All that said, those are silly rule-based reasons. If you have a cool Haunted backstory, you go for it! Ruleswise, your most comfortable curses as Battle are usually Wasting or Lame. Lame makes that super-heavy armor a breeze, and Wasting helps you wade through those pesky noxious clouds, stench monsters, and can even turn your next rancid garbage chute into a slip 'n slide!
Tongues is neat, but since most GMs suck at enforcing "no talking in Common in combat" at the table, it's usually not really all that roleplayed so it makes me sad to see it used as a "not a curse" curse.
Also, I love Toughness at lvl 1 :) Glad you're taking some physicals as primary stats. I assume you're STR > CON > CHA > DEX > INT > WIS? Who needs a super high CHA as a buffer/basher anyway, right?
Congratulations on the decision. One last mention, playing a melee battle oracle with a 2hander is going to be very squishy at times, be cautious with your poor d8 hit die. If you plan on a high STR for CMBs, a 13 int for imp trip or disarm, and a decent CHA, chances are your CON won't be super high, so try to remember you're a primary caster :) I've seen too many battle oracles die in blazes of glory.
Also, if you haven't picked your curse yet, don't take haunted. I love the curse, but for a melee oracle, it's a death wish.
Have you considered a Paladin? I believe you are right to note that you don't have a primary healer, but your summoner can heal his eidolon, and even himself if he's into the infernal healing jazz from Cheliax. At level one and two, your Druid is not a terrible healer. Goodberry (imo) is better than cure light at extremely low levels. And once your paladin gets lay on hands at level 2, your group now has 3 off-healers, two of whom can use wands of cure light.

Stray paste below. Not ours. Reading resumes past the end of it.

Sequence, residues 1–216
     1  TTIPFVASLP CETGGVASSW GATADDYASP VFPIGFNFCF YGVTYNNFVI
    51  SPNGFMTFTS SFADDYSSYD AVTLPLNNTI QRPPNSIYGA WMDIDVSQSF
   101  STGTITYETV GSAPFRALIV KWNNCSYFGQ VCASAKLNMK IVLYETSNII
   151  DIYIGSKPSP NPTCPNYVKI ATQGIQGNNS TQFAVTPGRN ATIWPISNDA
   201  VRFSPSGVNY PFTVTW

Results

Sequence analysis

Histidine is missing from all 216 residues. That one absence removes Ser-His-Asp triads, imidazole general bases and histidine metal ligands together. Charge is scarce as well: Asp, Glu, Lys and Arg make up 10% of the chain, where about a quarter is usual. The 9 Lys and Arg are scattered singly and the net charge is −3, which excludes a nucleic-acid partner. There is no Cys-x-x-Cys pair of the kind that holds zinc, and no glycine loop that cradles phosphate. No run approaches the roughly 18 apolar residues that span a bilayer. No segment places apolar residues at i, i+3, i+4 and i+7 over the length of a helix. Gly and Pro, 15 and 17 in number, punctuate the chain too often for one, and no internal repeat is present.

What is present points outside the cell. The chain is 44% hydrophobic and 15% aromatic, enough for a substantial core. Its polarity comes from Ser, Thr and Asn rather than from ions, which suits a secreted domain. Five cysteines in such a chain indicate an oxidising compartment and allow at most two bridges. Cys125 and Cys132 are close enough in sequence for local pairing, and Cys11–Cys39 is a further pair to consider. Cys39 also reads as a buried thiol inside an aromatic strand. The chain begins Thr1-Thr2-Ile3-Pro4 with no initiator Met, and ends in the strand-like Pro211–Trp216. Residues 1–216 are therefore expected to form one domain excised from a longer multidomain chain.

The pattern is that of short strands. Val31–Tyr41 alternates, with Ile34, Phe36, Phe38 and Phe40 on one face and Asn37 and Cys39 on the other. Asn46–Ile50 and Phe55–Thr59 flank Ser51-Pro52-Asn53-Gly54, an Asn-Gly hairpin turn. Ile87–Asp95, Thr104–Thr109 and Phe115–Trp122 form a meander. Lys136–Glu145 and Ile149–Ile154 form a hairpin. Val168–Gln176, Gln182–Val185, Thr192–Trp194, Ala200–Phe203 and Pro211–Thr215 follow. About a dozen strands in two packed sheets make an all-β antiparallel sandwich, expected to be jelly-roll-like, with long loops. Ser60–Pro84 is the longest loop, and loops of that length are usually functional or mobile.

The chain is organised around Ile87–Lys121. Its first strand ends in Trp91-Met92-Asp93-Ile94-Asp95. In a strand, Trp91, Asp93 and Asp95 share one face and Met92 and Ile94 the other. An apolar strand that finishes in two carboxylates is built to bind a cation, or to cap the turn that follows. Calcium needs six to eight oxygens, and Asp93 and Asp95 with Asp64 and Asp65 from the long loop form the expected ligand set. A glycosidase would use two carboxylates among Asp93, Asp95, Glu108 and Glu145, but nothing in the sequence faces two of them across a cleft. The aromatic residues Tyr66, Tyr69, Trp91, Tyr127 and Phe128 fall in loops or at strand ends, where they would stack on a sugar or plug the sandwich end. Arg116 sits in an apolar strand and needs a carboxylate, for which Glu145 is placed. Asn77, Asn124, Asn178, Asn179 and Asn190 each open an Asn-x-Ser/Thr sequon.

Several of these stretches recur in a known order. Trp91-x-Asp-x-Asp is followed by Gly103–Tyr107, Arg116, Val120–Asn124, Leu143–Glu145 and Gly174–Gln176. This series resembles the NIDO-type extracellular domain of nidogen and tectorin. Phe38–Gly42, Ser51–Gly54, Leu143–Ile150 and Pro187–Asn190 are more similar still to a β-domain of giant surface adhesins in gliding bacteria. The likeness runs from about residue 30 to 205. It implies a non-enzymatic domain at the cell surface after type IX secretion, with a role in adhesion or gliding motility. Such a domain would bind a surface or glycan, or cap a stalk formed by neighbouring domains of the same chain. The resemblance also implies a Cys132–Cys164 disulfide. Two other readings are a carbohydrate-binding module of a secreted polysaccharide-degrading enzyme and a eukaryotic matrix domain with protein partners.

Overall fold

Channel energy is important, but not NECESSARY unless you're facing lots of fireballs or AoE traps, which shouldn't happen until lvl 5 or soe, when a paladin has access to channelling anyway. Check Ultimate Magic for some feats that really put paladin healers on pace with clerics.
It is important to remember that the duration of shaken from Intimidate is 1 round +1 for every 5 by which you beat the DC. Dazzling Display will rarely cause a well-matched foe to be shaken for more than a round, but if you're a level 10 bard facing a mob of torch-wielding peasants, that shiny rapier dancing through the air is going to leave them pretty nervous for the next 5-6 rounds.
Magicdealer is correct, however. The ultimate goal of Dazzlng Display in game is usually to set up for action which require a shaken foe, like SHatter Defenses+Deadly Stroke or, (my most favorite) the rage power Terrifying Howl, which causes all Shaken foes withing 30 feet to become Panicked.
If your Linnorm Kings Barbarian chief doesn't have a Savage Skald cohort howling terrifying chants and banging his axe, he's missing out. A barbarian's howl scattering foes that have been unnerved by a Dazzling Display is a beautiful thing.
I don't think you need a new feat, unlimited use per day AoE shaken is a great ability.
Also see the Thug rogue archetype for a way to send your foes running the other way when you flash steel.
I'm confused as to your player's complaints. What about the Necromancer does he find underwhelming? Is he just concerned with damage dealing? The Command Undead feat is fairly potent, and the spell can stand in for when he hits his HD cap. Halt Undead is another massively powerful Necro spell for fighting the undead, since it is essentially AoE Hold Person.